I had a fake ID for one day in college. And the night I got it, at the first bar I went to, the bouncer looked at it, looked at me, and said, “Sorry, bud.” He handed it back, and I panicked. Would I be arrested now? What would my parents think? What’s the best way to tell a judge, “I just wanted the thrill of buying a vodka cranberry!” I fled and dumped the ID in a trash can in the same way that someone, in the heat of things, would dispose of a body.
Up until the moment of receiving one, the only knowledge of fake IDs that I had came from movies, resources that have proven, time and time again, to be filthy liars. Movies tend to use fake IDs in the first act as a way to showcase a funny person’s general ineptitude. But many people use them for years, and this means that they gather a bunch of experience in the area of “Tricking People In Order To Drink,” the most widely taught college course in America.
I got mine when a friend named Scott, trying to decide whether the bill of his hat should go straight back or a bit to the side, asked me, “You want to get a fake ID today, Danny boy?” He asked me this with the same tone that you’d use to ask someone if they wanted to go to a cook-out, and his penchant for calling me “Danny boy” is the reason that we eventually stopped talking to each other. I nodded, and expected the next few hours of my life to be like a Q scene from a James Bond movie, except the British lab geniuses would be replaced by that one silent, headphone-clad roommate who won’t acknowledge you when you walk in. And the air of sophistication would be substituted with the faint smell of sweat, weed, and incense.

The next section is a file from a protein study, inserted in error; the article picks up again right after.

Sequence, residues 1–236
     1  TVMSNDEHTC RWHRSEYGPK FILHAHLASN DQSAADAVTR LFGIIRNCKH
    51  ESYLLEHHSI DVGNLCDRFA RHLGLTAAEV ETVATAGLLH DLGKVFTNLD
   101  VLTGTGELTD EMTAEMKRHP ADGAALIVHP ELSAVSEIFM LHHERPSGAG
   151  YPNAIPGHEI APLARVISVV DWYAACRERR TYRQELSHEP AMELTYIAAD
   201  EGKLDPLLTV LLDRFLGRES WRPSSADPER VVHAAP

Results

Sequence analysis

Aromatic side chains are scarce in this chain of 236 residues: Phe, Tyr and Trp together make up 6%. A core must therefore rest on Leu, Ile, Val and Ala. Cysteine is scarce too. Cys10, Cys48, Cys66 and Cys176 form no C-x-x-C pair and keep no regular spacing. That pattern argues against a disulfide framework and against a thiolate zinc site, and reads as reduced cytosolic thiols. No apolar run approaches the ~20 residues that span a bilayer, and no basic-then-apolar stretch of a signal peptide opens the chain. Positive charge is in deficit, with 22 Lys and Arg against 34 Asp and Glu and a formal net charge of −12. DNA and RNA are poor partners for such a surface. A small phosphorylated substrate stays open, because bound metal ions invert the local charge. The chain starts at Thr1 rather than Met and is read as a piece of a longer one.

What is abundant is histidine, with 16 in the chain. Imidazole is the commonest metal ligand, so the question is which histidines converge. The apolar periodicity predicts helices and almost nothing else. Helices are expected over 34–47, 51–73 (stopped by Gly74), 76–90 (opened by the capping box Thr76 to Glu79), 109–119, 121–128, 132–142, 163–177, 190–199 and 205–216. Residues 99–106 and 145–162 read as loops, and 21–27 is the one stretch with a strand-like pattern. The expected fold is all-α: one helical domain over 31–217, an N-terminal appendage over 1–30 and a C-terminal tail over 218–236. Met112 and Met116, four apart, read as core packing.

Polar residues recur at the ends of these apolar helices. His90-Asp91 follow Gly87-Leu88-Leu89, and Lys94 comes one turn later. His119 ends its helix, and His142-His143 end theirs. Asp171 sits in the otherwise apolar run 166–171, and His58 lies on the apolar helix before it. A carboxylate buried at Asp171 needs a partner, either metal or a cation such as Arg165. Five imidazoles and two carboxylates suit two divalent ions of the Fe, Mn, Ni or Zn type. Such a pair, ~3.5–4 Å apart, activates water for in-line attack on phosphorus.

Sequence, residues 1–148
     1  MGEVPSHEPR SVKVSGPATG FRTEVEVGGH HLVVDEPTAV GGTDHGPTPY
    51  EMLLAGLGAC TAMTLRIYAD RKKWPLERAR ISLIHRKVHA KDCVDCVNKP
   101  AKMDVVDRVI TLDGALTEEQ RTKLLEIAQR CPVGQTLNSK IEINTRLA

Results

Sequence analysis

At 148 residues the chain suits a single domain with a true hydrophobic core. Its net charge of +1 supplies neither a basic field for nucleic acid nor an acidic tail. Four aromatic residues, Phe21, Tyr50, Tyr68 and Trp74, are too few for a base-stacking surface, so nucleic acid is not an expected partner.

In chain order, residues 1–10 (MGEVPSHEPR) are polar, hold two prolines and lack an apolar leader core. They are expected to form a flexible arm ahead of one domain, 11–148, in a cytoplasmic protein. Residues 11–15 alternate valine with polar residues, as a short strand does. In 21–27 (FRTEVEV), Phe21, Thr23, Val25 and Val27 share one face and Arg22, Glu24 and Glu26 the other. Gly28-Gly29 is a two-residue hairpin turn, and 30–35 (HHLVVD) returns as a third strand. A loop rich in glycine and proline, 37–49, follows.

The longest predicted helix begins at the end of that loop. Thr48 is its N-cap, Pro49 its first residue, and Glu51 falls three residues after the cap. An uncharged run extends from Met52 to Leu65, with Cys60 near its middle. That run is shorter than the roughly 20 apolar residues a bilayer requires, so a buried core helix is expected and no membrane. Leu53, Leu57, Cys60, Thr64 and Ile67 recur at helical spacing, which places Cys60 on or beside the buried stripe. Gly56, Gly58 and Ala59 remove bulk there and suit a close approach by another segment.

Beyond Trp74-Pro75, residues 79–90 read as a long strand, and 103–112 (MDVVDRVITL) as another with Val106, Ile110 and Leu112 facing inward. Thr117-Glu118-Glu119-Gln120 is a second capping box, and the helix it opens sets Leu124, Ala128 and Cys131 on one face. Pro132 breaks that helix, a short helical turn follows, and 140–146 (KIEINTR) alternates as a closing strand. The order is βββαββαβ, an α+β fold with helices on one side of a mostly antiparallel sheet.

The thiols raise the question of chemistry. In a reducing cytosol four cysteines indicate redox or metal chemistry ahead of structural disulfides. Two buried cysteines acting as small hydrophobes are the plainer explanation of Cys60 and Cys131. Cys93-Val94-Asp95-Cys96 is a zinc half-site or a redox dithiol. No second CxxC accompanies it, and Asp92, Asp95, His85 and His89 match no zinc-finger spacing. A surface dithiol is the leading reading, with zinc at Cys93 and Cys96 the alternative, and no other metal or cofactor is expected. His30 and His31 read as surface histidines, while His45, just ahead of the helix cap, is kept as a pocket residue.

So, you have your fake ID. You’ve reached the point in the myth of your life where you go from awkward teen to rad teen (the stage that comes just before evolving into an awkward adult), and you’re ready to show off your newfound prowess. But what do you do when people call bullshit on you? What do you do when someone looks you up and down and thinks that you’re a lie dressed in an asshole costume? You start making things up.
Since my fake ID said that I was from across the state, I had planned to say that I was on a weekend trip to the town. Before this could take place, my fight-or-flight meter exploded, and I burst off into the night, hoping that no one would ever see me again. Lying has always been some kind of shameful improv game, but I’m far better at it when the prompt is “The scene is a drive-thru, and you are turning into a shark” than if the audience (some solemn guy in a black T-shirt) throws out, “The scene is that you’re in front of Murphy’s Pub, and you’re about to get a misdemeanor.”